The Watercooler ~ Supreme Court’s Not That Supreme
As we all continue to grapple with the effects of bloated government and watch its actions occur in spite of and outside the jurisdiction of the Constitution’s original intent, many of us are filled with unrest as we lose trust in our government’s ability to govern. In anticipation of the Supreme Court’s rulings in the Prop. 8 and DOMA cases, Catholic, Orthodox and Protestant church | Read More »
More From the Supreme Court on June 24th
In an earlier entry, I detailed the affirmative action case before the Supreme Court this term- Fisher v. University of Texas at Austin- and the 7-1 narrow, rather anti-climactic resolution. There was no sweeping denunciation or uplifting of affirmative action to be found other than the fact that Justice Thomas announcing that he would vote to overrule 2003′s decision in Grutter, the underlying case that | Read More »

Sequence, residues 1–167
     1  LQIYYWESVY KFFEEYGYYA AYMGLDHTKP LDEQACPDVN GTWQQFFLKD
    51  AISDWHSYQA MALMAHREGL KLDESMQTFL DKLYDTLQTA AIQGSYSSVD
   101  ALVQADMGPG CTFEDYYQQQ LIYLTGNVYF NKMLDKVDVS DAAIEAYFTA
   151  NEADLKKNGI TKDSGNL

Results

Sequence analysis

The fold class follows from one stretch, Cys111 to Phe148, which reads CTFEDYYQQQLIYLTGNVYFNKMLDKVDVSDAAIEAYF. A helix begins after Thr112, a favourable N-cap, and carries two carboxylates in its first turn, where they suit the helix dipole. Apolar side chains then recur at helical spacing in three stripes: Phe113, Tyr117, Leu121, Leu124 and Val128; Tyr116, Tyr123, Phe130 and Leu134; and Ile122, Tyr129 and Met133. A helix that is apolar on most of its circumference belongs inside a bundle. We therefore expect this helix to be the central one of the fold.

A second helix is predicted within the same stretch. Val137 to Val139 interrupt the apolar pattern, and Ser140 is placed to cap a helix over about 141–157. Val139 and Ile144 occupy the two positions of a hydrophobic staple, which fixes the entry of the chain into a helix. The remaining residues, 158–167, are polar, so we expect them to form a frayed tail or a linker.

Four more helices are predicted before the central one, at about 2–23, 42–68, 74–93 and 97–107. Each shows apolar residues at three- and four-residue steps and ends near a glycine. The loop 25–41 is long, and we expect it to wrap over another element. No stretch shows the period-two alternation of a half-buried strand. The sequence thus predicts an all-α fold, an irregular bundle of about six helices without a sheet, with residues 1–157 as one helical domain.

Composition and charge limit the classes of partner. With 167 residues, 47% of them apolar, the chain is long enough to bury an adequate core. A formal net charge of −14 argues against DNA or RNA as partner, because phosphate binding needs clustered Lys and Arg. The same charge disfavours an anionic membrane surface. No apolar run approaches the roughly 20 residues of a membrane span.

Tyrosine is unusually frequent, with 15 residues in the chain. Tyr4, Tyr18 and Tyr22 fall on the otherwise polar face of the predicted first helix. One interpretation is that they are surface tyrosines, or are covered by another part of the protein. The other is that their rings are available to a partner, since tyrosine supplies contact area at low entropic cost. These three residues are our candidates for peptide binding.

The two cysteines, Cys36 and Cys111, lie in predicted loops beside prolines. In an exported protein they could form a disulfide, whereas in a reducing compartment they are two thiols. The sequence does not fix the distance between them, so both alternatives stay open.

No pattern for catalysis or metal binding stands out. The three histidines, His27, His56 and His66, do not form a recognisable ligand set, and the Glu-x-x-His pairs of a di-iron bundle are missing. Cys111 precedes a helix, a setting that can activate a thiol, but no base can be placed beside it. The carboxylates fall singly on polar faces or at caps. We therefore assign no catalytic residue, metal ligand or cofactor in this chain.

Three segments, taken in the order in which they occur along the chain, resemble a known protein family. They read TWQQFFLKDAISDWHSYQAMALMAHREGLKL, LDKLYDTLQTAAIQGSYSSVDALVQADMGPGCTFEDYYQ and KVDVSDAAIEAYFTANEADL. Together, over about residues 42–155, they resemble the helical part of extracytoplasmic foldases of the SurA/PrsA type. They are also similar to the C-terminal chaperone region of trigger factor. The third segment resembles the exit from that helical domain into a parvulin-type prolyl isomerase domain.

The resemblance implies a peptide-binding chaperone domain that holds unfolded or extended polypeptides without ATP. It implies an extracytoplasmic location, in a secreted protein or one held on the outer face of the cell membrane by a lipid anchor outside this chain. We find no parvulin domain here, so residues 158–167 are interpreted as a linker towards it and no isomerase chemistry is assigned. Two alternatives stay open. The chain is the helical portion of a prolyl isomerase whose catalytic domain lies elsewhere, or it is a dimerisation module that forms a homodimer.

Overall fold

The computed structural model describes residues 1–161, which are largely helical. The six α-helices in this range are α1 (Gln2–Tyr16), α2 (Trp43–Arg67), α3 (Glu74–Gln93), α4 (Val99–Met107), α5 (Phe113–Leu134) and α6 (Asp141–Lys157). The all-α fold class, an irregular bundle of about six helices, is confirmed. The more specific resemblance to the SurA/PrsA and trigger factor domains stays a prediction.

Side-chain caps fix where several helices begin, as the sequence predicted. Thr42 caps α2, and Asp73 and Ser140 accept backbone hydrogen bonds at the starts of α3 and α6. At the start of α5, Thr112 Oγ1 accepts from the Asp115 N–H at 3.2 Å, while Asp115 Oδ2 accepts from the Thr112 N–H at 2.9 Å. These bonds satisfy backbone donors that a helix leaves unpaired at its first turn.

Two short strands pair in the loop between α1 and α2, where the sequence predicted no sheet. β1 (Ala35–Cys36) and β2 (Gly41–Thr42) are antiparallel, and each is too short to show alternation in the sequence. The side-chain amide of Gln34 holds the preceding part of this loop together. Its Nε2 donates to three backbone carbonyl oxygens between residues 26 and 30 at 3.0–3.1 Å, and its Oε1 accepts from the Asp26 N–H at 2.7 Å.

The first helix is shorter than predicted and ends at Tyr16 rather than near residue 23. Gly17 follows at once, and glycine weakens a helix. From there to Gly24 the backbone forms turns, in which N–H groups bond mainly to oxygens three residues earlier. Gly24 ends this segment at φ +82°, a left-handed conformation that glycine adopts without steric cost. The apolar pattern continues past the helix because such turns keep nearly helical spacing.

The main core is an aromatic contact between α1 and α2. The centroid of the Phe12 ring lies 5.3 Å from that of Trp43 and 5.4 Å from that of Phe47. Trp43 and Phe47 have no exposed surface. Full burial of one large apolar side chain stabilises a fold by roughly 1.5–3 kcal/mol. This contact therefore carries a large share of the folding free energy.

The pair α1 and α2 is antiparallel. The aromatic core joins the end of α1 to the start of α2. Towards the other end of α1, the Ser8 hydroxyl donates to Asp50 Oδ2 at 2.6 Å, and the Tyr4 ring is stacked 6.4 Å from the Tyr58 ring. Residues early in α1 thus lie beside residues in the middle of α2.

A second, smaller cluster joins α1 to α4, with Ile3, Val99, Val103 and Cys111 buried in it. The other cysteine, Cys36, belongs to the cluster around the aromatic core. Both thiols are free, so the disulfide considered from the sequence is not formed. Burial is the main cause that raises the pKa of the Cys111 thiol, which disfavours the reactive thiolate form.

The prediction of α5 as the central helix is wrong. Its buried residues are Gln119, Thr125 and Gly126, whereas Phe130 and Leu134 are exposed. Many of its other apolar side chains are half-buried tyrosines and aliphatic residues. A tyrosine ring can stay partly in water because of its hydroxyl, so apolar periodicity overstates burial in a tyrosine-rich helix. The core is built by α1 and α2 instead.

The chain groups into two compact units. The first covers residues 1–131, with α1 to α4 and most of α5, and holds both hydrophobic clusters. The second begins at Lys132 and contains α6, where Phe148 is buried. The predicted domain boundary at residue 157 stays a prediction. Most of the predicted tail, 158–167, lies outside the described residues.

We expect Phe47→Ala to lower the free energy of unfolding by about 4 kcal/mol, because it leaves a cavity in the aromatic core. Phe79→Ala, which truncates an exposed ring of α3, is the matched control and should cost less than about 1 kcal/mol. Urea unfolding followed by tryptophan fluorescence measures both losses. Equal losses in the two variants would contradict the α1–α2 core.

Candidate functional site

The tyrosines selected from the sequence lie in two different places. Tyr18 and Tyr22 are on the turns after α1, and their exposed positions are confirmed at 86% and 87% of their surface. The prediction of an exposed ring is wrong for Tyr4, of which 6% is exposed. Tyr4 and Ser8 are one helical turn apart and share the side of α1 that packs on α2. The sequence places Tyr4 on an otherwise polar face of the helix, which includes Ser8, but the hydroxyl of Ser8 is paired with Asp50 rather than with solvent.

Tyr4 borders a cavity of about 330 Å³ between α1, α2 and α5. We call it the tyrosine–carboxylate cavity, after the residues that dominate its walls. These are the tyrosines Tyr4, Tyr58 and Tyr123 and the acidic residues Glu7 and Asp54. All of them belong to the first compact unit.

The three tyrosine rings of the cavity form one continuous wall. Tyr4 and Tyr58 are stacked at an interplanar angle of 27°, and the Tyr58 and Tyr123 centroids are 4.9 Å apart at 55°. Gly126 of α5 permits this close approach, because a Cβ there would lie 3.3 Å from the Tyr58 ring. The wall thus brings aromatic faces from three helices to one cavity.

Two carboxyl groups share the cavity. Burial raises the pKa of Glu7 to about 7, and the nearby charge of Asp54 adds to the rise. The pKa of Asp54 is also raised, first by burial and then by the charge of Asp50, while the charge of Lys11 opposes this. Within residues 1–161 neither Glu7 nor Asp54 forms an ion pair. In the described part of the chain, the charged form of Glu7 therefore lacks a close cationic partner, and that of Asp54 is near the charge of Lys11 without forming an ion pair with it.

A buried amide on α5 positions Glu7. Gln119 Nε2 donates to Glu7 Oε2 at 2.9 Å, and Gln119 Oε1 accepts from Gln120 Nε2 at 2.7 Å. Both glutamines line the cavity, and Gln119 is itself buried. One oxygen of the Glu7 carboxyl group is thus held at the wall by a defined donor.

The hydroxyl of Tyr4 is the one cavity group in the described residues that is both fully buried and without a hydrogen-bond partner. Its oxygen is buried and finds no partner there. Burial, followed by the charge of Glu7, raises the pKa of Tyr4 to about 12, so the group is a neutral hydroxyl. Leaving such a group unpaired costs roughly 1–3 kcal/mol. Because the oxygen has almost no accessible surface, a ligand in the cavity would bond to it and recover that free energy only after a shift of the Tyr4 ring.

The Remaining Supreme Court Cases
After this morning there are 6 cases left on the Supreme Court Docket for the 2012-2013 Term. These are (in the order that they were argued) 1) Koontz v. St. Johns River Water Management District – A “Takings” case in regard to a denial of a Development Permit. Probably a win for the Water Management District. Scalia was heavily involved with the decisions that Koontz’s | Read More »
June 24th at the Supreme Court
Today, the Supreme Court released five opinions the most watched of which was the Fisher case involving affirmative action. This case is the last to be decided after being heard in October, 2012. For those conservatives wishing to see a sweeping decision against affirmative action in college admissions, there is disappointment. To briefly summarize, this case rested on the 2003 Grutter decision out of Michigan | Read More »